Conference Coverage

Alcohol dependence drug the next antianxiety med?



Disulfiram, a U.S. Food and Drug Administration–approved medication for the treatment of chronic alcohol dependence, shows promise as a potential anxiolytic, early research suggests.

Japanese researchers, headed by Akiyoshi Saitoh, PhD, professor in the department of pharmacy, Tokyo University of Science, compared the reactions of mice that received a classic anxiolytic agent (diazepam) to those that received disulfiram while performing a maze task and found comparable reductions in anxiety in both groups of mice.

Moreover, unlike diazepam, disulfiram caused no sedation, amnesia, or impairments in coordination.

“These results indicate that disulfiram can be used safely by elderly patients suffering from anxiety and insomnia and has the potential to become a breakthrough psychotropic drug,” Dr. Saitoh said in a press release.

The study was published online in Frontiers in Pharmacology.

Inhibitory function

Disulfiram inhibits the enzyme aldehyde dehydrogenase (ALDH), which is responsible for alcohol metabolism. Recent research suggests that disulfiram may have broader inhibitory functions.

In particular, it inhibits the cytoplasmic protein FROUNT, preventing it from interacting with two chemokine receptors (CCR2 and CCRs) that are involved in cellular signaling pathways and are associated with regulating behaviors, including anxiety, in rodents, the authors write.

“Although the functions of FROUNT-chemokines signaling in the immune system are well documented, the potential role of CNS-expressed FROUNT chemokine–related molecules as neuromodulators remains largely unknown,” they write.

The researchers had been conducting preclinical research on the secondary pharmacologic properties of disulfiram and “coincidentally discovered” its “anxiolytic-like effects.” They investigated these effects further because currently used anxiolytics – i.e., benzodiazepines – have unwanted side effects.

The researchers utilized an elevated plus-maze (EPM) test to investigate the effects of disulfiram in mice. The EPM apparatus consists of four arms set in a cross pattern and are connected to a central square. Of these, two arms are protected by vertical boundaries, while the other two have unprotected edges. Typically, mice with anxiety prefer to spend time in the closed arms. The mice also underwent other tests of coordination and the ability to navigate a Y-maze.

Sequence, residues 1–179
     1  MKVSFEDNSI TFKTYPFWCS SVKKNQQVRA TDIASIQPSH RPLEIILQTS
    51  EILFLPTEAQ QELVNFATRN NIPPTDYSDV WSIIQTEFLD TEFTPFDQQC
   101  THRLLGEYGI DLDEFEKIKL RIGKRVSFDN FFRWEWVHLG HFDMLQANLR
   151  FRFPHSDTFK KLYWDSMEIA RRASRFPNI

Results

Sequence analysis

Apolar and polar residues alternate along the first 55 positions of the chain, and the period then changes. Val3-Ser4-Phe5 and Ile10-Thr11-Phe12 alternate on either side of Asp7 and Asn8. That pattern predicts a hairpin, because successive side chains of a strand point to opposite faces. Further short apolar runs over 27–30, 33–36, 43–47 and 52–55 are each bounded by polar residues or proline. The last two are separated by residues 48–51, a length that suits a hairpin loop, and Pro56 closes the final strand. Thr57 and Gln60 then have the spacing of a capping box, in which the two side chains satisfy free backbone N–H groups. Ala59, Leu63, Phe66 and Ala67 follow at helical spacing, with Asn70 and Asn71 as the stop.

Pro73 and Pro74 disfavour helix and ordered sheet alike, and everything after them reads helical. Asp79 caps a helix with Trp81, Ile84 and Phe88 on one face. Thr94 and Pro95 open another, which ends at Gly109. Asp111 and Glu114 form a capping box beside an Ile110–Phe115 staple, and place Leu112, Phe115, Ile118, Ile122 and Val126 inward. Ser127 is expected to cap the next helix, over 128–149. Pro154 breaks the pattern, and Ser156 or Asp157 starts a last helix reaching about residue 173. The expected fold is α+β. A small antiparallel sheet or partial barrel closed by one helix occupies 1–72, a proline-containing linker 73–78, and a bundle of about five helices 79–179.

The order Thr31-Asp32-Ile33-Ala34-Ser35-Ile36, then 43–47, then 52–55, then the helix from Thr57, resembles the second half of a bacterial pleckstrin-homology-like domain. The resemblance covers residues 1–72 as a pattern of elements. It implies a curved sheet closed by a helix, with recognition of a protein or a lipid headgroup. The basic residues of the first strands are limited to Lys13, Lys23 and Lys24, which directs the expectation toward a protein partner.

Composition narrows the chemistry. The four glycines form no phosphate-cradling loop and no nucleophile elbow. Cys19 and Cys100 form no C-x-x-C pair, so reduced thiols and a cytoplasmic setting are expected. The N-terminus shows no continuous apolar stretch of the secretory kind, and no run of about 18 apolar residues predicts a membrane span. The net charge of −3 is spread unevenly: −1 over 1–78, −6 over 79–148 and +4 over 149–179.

Some mice received disulfiram, others received a benzodiazepine, and others received merely a “vehicle,” which served as a control.

Disulfiram “significantly and dose-dependently” increased the time spent in the open arms of the EPM, compared with the vehicle-treated group, at 30 minutes after administration (F [3, 30] = 16.64; P < .0001), suggesting less anxiety. The finding was confirmed by a Bonferroni analysis that showed a significant effect of disulfiram, compared with the vehicle-treated group, at all three doses (20 mg/kg: t = 0.9894; P > .05; 40 mg/kg: t = 3.863; P < .01; 80 mg/kg: t = 6.417; P < .001).

A Student’s t-test analysis showed that diazepam likewise had a significant effect, compared to the vehicle (t = 5.038; P < .001).

Disulfiram also “significantly and dose-dependently” increased the percentage of open-arm entries (F [3, 30] = 14.24; P < .0001). The Bonferroni analysis showed this effect at all three doses (20 mg/kg: t = 0.3999; P > .05; 40 mg/kg: t = 2.693; P > .05; 80 mg/kg: t = 5.864; P < .001).

Diazepam similarly showed a significant effect, compared to the vehicle condition (t = 3.733; P < .005).

In particular, the 40 mg/kg dose of disulfiram significantly increased the percentage of time spent in the open arms at 15, 30, and 60 minutes after administration, with the peak effect occurring at 30 minutes.

The researchers examined the effect of cyanamide, another ALDH inhibitor, on the anxiety behaviors of mice and found no effect on the number of open-arm entries or percentage of time the mice spent in the open arm, compared with the vehicle condition.

In contrast to diazepam, disulfiram had no effect on the amount of spontaneous locomotor activity, time spent on the rotarod, or activity on the Y-maze test displayed by the mice, “suggesting that there were no apparent sedative effects at the dosages used.” Moreover, unlike the mice treated with diazepam, there were no increases in the number of falls the mice experienced on the rotarod.

Glutamate levels in the prelimbic-prefrontal cortex (PL-PFC) “play an important role in the development of anxiety-like behavior in mice,” the authors state. Disulfiram “significantly and completely attenuated increased extracellular glutamate levels in the PL-PFC during stress exposure” on the EPM.

“We propose that DSF inhibits FROUNT protein and the chemokine signaling pathways under its influence, which may suppress presynaptic glutamatergic transmission in the brain,” said Dr. Saitoh. “This, in turn, attenuates the levels of glutamate in the brain, reducing overall anxiety.”


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